Education and Empire
The Sixth Galway Conference on Colonialism
National University of Ireland, Galway
24th -26th June 2010
USEFUL LINKS TO MAPS AND OTHER INFORMATION
*N.B. Parking at NUI Galway*
There is limited parking for conference delegates, on campus, Monday to Friday from 08.30 to 17.30. Access is available to all car parks evenings (after 17.30) and weekends. Permits have been arranged to facilitate access to Orbsen Car Park (highlighted on attached map), alternatively, delegates can park at Corrib Village. (Use Distillery Road entrance to the campus for access to Orbsen Car Park).
Permits are available by clicking here. Please print off a copy and display it in your vehicle. These permits are available to registered delegates only and must be displayed at all times.
There are also a number of pay and display parking areas on campus (highlighted on attached map).
All illegally parked vehicles, including cars not displaying a permit will be clamped.
Please note that it is recommended that those planning to attend without giving a paper should register as soon as possible.
Continuing in the tradition of Colonialism Conferences at NUI Galway, we are delighted to announce that the sixth conference in the series – Education and Empire – will take place in Galway from 24th to 26th June 2010.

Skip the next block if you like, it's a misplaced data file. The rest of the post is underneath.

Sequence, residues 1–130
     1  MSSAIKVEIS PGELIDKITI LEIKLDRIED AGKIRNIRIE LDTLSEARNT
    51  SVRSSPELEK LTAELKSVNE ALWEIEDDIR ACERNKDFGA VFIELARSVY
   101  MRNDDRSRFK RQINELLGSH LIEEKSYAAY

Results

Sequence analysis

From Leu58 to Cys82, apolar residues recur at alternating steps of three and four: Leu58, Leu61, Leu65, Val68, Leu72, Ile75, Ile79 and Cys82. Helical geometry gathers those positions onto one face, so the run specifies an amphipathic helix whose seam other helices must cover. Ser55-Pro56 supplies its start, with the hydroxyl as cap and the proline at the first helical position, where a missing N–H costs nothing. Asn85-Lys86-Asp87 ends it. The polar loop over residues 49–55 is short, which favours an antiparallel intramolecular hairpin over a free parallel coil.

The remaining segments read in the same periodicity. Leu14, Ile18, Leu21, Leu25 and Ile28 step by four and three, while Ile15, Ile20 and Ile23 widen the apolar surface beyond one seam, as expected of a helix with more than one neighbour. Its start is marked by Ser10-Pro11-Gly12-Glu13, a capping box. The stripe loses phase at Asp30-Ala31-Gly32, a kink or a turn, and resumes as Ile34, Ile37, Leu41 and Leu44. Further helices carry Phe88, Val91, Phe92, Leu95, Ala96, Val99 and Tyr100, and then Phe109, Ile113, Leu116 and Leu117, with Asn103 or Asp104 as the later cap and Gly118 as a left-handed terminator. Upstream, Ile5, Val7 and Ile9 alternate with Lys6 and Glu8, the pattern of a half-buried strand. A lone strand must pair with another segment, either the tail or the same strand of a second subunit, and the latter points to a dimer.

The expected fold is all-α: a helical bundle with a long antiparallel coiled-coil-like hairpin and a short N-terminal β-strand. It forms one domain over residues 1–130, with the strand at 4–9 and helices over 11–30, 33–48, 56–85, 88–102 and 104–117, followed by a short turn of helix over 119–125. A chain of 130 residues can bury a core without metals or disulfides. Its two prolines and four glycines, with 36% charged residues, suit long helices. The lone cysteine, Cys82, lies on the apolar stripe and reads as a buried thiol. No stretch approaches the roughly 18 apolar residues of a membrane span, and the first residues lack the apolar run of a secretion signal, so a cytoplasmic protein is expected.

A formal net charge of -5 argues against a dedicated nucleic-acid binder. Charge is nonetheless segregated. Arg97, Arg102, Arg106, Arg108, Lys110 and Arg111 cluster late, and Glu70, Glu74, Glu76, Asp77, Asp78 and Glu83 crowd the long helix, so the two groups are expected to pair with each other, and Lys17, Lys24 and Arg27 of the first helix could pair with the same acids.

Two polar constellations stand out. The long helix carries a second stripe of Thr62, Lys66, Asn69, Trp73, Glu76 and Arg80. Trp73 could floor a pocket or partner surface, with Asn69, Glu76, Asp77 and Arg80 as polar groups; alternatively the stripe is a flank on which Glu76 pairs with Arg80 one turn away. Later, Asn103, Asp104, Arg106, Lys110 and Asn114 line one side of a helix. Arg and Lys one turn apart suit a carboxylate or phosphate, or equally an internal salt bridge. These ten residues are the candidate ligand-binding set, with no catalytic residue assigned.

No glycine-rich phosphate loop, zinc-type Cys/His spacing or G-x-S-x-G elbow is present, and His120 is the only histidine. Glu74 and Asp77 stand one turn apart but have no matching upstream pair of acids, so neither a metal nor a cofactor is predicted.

The aim of this interdisciplinary conference is to explore the role of education in shaping, promoting, and challenging imperial and colonial ideologies, institutions and processes throughout the modern world. We invite papers from every discipline and suggested topics may be found in the Call for Papers.
Since this conference is being in part funded through a grant provided by the Irish Research Council for the Humanities and Social Sciences to an inter-university group to explore the relationship between empire and higher education in Ireland, a strand of the conference will explore the particularity of Irish institutions of higher education in shaping the above processes, and of the role of higher education in shaping Ireland’s ambiguous coloniality.
Details regarding registration and reserved accommodation have been posted, and general practical information about accommodation and transport is available at links on this website. Participants are responsible for the conference fee and the cost of their travel and accommodation.
We look forward to welcoming back old friends to Galway and meeting new ones.
Fiona Bateman and Muireann O’Cinnéide
Please address any queries to us at email@example.com
It is our pleasure to confirm Professor John Coolahan, Professor Sanjay Seth, Goldsmiths, University of London, and Professor Gauri Viswanathan, Columbia University, New York, as the plenary speakers.
Previous Colonialism conferences at NUI Galway:
Gender and Colonialism 14th-17th May 1992
Culture and Colonialism 22nd-25th June 1995
Defining Colonies 17th-20th June1999
India and Ireland 2nd-5th June 2004
Settler Colonialism 27th-30th June 2007
Timothy P. Foley, Lionel Pilkington, Sean Ryder and Elizabeth Tilley (eds), Gender and Colonialism. Galway University Press: 1995.
Máire Ní Fhlathúin (ed), The Legacy of Colonialism: Gender and Cultural Identity in Postcolonial Societies. Galway University Press: 1998.
Terrence McDonough (ed), Was Ireland A Colony? Economics, Politics and culture in Nineteenth Century Ireland. Irish Academic Press: 2005.
Tadhg Foley and Maureen O’Connor (eds), Ireland and India: Colonies, Culture and Empire. Irish Academic Press: 2006.
Fiona Bateman and Lionel Pilkington (eds), Studies in Settler Colonialism. Palgrave Macmillan: forthcoming.